As the nation heads into another contentious presidential campaign, what will drive people’s choices? What sacrifices are Americans willing to make to see their preferred politicians take office and their policy preferences take hold?
UCLA political science professors Lynn Vavreck and Chris Tausanovitch plan to tackle those questions through the 2020 election with an ambitious data-gathering and analysis project called Nationscape. The effort is a partnership with the Washington, D.C.-based Democracy Fund, and the surveys are being fielded by Lucid, a New Orleans-based market research firm.
Every week until the end of 2020, Nationscape will survey 6,250 Americans, asking them to choose between two groups of policy positions and political attributes, among hundreds of other questions.
What makes Nationscape unique is the way it asks respondents to make choices. The survey includes 41 different policy statements and eight hypothetical attributes of potential candidates, all of which are randomized to appear in two sets of issues that voters must choose between. For example, respondents could be asked to choose one of the following sets of statements:
Each bundle of policies and outcomes could contain views that respondents disagree with, mixed with ideas they favor, but Vavreck said posing the questions that way will give researchers a better sense of what really makes the electorate tick.
“We designed the project to learn what people’s priorities are when they are forced to choose among states of the world they want to live in,” she said. “This will help us sort out what is really important to people who, in traditional surveys, tell us they ‘strongly agree’ with all sorts of issues. That response doesn’t really tell us how people will vote if a choice has to be made, and voting is all about making a choice.”
Researchers will share insights and analysis from the surveys regularly throughout election season on Nationscape’s website. By November 2020, the team will have completed a half million interviews — including at least 1,000 interviews in every congressional district.
“Our measurement approach, coupled with the massive scope of the project, will allow us to track both attitude change and shifts in the impact or importance of issues and candidate traits over time and space,” Vavreck said.
Data gathering began in late July. Among the initial findings: Even when Democrats and Republicans agree that children shouldn’t be separated from their parents at the southern border, that there should be a pathway to citizenship for people brought to the U.S. as children, or that the size of the military should be preserved, Democrats are more likely than Republicans to concede on the other issues to preserve their preferred stances on immigration issues, while Republicans are more likely to make tradeoffs to preserve the military.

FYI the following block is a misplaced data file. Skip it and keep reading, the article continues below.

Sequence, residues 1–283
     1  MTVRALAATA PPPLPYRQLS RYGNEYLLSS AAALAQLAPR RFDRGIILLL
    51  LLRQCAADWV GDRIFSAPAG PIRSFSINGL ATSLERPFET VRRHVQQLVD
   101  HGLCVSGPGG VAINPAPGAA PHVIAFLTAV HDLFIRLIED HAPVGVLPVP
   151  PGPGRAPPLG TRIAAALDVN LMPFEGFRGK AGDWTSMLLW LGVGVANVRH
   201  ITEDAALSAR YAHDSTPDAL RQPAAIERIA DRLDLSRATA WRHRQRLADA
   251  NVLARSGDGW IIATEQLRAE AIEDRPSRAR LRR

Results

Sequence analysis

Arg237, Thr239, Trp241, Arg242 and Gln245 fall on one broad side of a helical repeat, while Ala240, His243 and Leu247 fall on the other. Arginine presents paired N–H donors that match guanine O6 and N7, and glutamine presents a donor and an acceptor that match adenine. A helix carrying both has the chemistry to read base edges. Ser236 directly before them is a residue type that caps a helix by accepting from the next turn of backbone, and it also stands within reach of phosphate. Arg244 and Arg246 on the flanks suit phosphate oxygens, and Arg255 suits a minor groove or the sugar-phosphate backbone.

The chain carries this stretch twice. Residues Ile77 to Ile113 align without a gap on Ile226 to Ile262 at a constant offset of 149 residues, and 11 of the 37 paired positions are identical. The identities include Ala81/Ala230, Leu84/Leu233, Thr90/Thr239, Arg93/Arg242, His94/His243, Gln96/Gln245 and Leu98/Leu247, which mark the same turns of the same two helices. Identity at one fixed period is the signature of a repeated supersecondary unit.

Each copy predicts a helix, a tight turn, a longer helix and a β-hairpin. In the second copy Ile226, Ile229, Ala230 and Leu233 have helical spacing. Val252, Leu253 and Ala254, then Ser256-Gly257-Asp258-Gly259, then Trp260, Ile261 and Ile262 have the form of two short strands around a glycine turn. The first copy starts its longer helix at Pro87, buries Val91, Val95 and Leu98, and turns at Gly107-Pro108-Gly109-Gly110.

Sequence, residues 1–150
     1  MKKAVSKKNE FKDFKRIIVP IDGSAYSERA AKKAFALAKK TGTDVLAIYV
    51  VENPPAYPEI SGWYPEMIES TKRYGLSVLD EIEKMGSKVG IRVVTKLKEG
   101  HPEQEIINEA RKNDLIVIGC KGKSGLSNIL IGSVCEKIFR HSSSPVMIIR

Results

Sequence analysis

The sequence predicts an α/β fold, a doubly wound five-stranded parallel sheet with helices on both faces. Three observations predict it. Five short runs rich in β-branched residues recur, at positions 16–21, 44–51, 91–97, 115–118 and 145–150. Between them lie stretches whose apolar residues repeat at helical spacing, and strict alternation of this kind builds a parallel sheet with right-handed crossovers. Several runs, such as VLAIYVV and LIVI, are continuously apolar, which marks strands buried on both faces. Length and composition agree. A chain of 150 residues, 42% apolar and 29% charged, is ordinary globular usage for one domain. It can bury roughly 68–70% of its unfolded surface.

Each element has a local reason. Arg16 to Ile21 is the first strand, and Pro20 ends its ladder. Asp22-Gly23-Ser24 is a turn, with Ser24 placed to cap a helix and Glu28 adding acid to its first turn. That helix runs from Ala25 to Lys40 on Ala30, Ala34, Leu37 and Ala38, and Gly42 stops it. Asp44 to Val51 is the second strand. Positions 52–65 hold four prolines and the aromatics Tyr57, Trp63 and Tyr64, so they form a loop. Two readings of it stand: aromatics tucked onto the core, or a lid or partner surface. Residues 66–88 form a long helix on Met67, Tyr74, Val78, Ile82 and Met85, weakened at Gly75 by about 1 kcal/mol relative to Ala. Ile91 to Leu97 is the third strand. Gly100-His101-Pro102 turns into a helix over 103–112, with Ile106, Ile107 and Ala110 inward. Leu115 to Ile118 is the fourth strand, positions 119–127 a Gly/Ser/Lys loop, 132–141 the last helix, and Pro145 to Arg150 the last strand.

The results also hint at how people’s priorities change — or don’t — in relation to current events. For example, Vavreck said, few people changed their opinions about the need for universal background checks for gun purchases after the mass shootings in El Paso, Texas, and Dayton, Ohio.
“But the importance of that issue changed quite a bit,” she said. “It became significantly more important to people in choosing policy packages after the shootings, even though only about 1.8 percent of them changed their positions on the issue.”
Vavreck is the co-author of critically acclaimed books about the two most recent presidential elections, “The Gamble: Choice and Chance in the 2012 Presidential Election” and “Identity Crisis: The 2016 Presidential Campaign and the Battle for the Meaning of America.” She is UCLA’s Marvin Hoffenberg Professor of American Politics and Public Policy.
Tausanovitch, an expert on political representation, is the co-principal investigator — along with Chris Warsaw of George Washington University — of the American Ideology Project, which characterizes the conservativism and liberalism of states and voting districts through a 275,000-person survey.
Tausanovitch combed through studies, programs and policies to develop the lists of scenarios that respondents are confronting in the Nationscape surveys. He’s interested in the tradeoffs people are willing to make based on their political leanings and where they come from.
“Data is already demonstrating to us the way people’s attitudes and priorities change in response to events taking place in the country and showing us how Democrats and Republicans prioritize things differently, even when they agree on policies,” Tausanovitch said. “This helps to explain how Americans agree on many things, but also illustrates that their priorities are different.”
The overarching goal of Nationscape is to engender more informed and productive political deliberations, said Joe Goldman, president of the Democracy Fund.
“Nationscape goes beyond horse race polls and battleground states and gets to the real issues that are driving voters and their decisions,” he said. “The unparalleled size and scope of this survey will help us understand how opinions differ across small geographic areas and groups of voters in a way that isn’t possible with traditional surveys, providing a deeper understanding of the electorate in this vital election.”
By the end of the election cycle, Nationscape will have reached people in every state and congressional district, America through Lucid’s platform.
“We were very eager to partner with the UCLA team and help apply their expertise on a scale that reflects the complexity of contemporary American politics,” said Patrick Comer, Lucid’s founder and CEO.
This article originally appeared in the UCLA Newsroom.